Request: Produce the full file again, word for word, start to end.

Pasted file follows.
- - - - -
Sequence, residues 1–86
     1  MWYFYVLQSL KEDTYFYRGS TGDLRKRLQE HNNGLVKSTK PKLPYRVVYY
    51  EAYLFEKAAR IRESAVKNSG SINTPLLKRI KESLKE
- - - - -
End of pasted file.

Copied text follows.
Sequence, residues 1–86
     1  MWYFYVLQSL KEDTYFYRGS TGDLRKRLQE HNNGLVKSTK PKLPYRVVYY
    51  EAYLFEKAAR IRESAVKNSG SINTPLLKRI KESLKE